For many film fans, a well designed poster can be as iconic as the movie it’s promoting. As well as re-releasing a growing number of films back into cinemas, Park Circus are also increasingly commissioning new posters which both celebrate the original while at the same time introducing films to contemporary audiences.
One artist who has worked on a number of recent Park Circus posters, including The Last Picture Show and the upcoming Kes and West Side Story, is US-based designer, Brandon Schaefer. In the first of a three-part interview, film journalist Jonathan Melville talks to Brandon about his introduction to the world of poster design and how he approaches the task.
Jonathan Melville: Can you tell me a little about your background – when did you first discover your love of art and illustration?
Brandon Schaefer: I’m 26 years old, and started stumbling into design when I was in my early teens. I grew up in a family full of people that dabbled in the arts, so you couldn’t escape the influence, even if I wasn’t very good. It wasn’t until I was six that I caught on to the fact that people’s arms didn’t come out of their heads.
Have movie posters always interested you?
My grandfather used to help me put together binders filled with clippings of movie advertisements from the newspaper that I got a kick out of when I was really young. They weren’t anything spectacular, just pieces from silly movies like Young Einstein. My favorite was that art-deco inspired poster for Rocketeer; I tore it out and had it framed for years.
Do your favourite films and favourite posters differ?
More often than not, easily. The brilliant film Dancer in the Dark has a striking poster that plays off of the main character’s poor sight, but the film itself isn’t one I’d want to be stranded on a desert island with. For whatever reason, I could watch Finding Forrester until my eyes bleed, but the giant floating head of Sean Connery that dominates the poster doesn’t get me all hot and bothered under the collar.
You’re perhaps best known for creating a series of alternate posters for films such as Back to the Future and One Flew Over the Cuckoo’s Nest. Where did the inspiration for those come from?
I had taken a few years off after I graduated to deliver furniture because my last few years of school burnt me out. When I sat back down to start designing again, I needed a way to get my head in the right place, and movie posters were something I’d done in college for my thesis.
So, I went back to what was familiar, but could be approached differently piece by piece. Movies ask for a more sporadic approach, because most stories aren’t the same.
Do you sketch different version of a poster before settling on a final one?
Yeah. I’ve got a stack of cheap notebooks filled with lined paper that I toss ideas down in. They’re usually fairly small thumbnails, with several on a page, one after the other. I doubt anyone could really decipher them – they’re just a load of scribbles thrown on paper so I can keep my head clear and not get too attached to one idea.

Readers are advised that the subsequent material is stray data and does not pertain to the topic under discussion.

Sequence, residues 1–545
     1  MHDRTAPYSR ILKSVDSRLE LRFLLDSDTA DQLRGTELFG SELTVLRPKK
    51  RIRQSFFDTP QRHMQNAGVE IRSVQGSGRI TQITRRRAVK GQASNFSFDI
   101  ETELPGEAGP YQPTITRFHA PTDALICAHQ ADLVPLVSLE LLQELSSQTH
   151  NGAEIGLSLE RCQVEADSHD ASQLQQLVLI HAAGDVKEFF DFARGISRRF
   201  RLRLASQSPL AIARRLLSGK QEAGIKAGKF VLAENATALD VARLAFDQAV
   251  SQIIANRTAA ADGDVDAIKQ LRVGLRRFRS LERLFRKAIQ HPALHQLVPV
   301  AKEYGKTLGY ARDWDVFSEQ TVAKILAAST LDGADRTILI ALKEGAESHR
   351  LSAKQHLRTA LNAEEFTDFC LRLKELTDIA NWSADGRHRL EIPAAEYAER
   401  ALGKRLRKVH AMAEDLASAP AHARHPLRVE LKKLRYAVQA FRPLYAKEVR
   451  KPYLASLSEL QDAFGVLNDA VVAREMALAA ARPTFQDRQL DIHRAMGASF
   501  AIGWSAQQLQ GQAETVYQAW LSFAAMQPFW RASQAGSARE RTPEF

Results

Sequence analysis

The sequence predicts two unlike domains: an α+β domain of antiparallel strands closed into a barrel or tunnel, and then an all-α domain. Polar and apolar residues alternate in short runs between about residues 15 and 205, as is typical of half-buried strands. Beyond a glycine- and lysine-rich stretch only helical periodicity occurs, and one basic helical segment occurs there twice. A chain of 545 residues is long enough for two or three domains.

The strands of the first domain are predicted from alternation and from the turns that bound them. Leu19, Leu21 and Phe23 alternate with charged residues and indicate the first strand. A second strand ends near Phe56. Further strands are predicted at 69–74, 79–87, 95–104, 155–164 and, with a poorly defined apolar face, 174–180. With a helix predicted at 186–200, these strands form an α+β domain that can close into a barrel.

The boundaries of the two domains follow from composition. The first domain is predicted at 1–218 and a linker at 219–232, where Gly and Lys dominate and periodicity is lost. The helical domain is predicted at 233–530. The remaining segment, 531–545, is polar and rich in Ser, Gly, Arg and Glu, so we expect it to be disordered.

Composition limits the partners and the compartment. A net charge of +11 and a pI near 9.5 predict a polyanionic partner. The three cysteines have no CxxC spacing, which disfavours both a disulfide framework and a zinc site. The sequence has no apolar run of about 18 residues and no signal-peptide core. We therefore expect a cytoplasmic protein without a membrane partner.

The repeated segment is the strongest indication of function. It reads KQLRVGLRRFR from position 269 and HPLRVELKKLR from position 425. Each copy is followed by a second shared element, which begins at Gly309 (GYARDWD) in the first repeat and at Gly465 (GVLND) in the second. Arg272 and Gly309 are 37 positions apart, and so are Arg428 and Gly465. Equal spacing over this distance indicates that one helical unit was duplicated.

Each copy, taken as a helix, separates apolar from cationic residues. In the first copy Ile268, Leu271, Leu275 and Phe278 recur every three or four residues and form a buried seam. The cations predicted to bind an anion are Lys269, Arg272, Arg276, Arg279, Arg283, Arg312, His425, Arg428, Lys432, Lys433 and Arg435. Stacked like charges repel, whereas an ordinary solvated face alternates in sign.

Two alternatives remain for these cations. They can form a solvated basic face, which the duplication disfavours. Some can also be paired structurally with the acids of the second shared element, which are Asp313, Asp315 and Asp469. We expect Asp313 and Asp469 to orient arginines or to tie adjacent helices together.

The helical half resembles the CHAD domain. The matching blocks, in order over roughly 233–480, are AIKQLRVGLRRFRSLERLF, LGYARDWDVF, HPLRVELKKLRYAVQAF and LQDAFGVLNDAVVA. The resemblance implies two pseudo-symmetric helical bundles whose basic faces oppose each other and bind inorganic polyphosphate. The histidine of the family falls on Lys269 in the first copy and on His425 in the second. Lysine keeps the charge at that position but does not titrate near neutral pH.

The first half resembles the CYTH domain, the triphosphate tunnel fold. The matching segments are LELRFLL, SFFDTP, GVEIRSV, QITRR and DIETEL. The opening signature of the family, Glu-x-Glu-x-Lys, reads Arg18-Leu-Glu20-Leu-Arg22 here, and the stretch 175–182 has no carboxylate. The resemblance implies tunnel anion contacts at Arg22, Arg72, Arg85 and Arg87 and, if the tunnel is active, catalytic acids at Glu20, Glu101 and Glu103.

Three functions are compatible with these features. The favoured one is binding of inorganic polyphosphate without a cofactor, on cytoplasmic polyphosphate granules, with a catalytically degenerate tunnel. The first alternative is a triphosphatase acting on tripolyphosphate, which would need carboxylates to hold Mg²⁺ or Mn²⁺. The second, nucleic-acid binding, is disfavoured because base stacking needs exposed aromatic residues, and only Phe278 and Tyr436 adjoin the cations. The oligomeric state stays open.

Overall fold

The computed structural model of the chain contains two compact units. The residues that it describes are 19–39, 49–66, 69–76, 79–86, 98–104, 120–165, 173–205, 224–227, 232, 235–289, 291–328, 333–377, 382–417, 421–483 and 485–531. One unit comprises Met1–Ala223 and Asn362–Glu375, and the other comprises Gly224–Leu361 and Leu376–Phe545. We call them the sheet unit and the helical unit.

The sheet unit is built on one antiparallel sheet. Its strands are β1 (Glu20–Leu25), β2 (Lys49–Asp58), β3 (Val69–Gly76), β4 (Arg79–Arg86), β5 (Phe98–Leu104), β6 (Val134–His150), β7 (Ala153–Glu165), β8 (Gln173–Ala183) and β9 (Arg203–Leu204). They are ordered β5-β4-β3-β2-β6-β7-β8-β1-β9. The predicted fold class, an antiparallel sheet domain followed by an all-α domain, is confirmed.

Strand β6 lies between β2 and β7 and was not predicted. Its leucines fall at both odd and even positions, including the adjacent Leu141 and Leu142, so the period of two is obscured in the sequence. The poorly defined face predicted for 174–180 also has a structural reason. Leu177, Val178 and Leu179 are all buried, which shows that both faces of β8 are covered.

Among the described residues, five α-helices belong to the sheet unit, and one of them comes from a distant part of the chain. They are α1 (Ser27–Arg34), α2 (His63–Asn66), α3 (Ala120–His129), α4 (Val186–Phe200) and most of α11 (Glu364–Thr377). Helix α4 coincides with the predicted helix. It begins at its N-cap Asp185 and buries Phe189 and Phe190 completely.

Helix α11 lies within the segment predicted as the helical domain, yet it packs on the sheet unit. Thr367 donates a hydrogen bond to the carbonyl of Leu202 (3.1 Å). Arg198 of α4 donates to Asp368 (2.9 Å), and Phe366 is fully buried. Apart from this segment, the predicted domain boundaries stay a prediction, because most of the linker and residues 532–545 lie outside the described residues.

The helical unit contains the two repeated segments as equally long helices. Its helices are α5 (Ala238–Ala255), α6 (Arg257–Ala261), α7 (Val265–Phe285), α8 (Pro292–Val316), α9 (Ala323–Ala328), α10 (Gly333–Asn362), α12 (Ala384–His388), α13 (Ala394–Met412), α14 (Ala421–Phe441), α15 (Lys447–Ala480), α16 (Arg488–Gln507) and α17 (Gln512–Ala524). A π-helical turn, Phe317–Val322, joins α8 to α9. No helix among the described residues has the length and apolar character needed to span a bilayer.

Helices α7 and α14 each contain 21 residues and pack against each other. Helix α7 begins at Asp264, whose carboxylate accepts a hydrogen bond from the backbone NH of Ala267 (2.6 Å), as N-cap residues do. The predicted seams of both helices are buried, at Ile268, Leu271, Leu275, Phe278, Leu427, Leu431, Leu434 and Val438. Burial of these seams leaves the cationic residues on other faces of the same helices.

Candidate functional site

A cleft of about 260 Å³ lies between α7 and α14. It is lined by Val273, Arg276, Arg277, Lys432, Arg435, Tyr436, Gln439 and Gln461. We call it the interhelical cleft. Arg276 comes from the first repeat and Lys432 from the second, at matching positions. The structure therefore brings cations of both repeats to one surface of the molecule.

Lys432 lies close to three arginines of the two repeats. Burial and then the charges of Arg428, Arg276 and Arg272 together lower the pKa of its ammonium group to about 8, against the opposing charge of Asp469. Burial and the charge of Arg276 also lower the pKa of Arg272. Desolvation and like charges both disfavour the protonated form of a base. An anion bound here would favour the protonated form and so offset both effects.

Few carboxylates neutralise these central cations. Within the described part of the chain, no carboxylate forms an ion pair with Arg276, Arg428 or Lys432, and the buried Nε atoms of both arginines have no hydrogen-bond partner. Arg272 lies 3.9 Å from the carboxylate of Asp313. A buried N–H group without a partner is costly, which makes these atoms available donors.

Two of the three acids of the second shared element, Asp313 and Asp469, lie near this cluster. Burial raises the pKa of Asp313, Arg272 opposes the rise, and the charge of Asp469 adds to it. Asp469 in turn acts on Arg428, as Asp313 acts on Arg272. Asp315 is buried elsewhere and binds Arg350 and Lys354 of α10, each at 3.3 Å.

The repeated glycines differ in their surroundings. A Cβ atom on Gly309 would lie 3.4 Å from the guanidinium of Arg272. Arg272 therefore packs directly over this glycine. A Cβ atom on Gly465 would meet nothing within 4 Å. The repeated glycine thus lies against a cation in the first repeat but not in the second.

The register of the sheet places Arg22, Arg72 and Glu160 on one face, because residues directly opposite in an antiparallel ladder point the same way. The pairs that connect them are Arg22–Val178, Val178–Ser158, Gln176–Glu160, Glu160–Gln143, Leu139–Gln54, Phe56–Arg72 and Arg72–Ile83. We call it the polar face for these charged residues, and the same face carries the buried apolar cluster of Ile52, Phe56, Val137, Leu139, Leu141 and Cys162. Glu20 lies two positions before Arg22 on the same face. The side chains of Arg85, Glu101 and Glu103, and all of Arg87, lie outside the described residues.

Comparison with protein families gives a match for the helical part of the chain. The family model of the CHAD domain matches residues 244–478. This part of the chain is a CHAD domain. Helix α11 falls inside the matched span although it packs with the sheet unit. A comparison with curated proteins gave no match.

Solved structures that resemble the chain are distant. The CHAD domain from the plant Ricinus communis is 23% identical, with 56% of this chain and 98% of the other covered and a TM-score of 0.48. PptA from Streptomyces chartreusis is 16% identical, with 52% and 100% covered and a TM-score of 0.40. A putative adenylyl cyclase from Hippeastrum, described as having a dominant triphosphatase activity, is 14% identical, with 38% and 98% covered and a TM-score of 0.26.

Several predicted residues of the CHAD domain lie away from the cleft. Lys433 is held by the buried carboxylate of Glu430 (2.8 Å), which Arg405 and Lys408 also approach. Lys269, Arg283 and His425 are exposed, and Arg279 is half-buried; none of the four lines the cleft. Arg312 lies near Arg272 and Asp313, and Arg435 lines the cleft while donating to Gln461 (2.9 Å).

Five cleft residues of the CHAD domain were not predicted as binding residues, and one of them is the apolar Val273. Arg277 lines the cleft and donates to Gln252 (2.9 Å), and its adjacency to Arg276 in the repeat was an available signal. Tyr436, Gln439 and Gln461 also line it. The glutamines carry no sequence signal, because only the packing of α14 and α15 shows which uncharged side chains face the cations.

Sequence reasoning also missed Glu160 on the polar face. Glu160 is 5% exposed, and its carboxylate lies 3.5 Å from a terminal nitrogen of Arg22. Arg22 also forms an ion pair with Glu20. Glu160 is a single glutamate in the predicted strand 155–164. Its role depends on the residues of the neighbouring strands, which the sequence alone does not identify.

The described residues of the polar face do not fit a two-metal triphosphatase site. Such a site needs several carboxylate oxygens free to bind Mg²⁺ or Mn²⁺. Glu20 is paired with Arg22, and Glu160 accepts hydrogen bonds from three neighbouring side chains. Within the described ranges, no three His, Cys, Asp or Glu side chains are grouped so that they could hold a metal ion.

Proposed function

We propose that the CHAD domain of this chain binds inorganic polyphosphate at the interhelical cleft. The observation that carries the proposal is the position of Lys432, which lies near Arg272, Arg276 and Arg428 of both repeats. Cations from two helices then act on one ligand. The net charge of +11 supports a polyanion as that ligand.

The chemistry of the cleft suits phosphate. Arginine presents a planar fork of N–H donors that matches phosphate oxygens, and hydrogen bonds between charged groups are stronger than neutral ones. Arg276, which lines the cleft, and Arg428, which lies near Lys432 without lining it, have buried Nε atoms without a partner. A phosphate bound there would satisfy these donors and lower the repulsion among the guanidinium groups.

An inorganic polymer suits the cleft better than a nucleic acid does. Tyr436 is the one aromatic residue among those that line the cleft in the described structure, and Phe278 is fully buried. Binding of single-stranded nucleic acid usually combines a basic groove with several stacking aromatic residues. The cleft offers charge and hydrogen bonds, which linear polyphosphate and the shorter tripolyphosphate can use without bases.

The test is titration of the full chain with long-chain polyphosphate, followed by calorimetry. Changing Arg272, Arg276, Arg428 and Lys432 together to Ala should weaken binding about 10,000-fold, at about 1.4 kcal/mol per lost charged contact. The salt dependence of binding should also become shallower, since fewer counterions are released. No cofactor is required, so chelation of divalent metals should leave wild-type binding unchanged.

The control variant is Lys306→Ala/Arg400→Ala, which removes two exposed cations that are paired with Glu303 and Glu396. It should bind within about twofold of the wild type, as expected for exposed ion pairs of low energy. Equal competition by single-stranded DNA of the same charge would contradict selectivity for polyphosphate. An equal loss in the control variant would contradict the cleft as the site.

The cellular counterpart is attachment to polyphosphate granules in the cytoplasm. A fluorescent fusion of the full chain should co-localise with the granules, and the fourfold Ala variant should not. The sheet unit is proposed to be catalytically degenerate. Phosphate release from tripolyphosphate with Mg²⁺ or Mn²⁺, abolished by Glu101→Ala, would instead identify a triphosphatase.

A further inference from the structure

It’s like having a portable dumpster that I can dive back into without having to worry about tetanus.
What was the response like to these posters?
I hope that the people that stumbled upon them enjoyed what they saw. I know a few are hanging in places like AMC TV and Rocksteady Games, and there were plans for a book a year ago, but that fell through. So it’s humbling to know that there were some positive responses out there, but it’s not something I concerned myself about because the posters were done for myself.
Do you think there was a golden age of poster design?
Honestly, no. There were periods when a lot of the art had more going for it in terms of craft, but I think you could chalk that up to what tools were available at the time. People used to paint floating heads, now they Photoshop them. Granted, there’s more charm in the past, even if the work was less than brilliant. That stems from being able to see a human being behind the work, whereas today, it’s easier for that to get lost.
It’s important for people to know, though, that a lot of the problems that today’s poster designers tackle are very similar to what Saul Bass faced in his heyday.
Would you like to see a return to illustrated movie posters from the industry at large?
Maybe not necessarily illustrated posters, but more honesty. And by that I mean, a poster created with Photoshop or illustrated by hand can both have their place as long as they communicate something true about a film. I’m sure that sounds a bit broad and open to a lot of interpretation, but…what I’m shooting for is an idea or a tone.
As long as you’re trying to get across something honest about a picture, I think that whatever you create stands a better chance at connecting with people than something that is just clever, or worse, deceptive.
Visit Brandon’s website at www.seekandspeak.com to find out more about his work.
Part two of our three part discussion with Brandon will focus on his The Last Picture Show and Kes re-release posters, while part three looks at West Side Story – keep an eye on our Twitter feed or Facebook page for more information.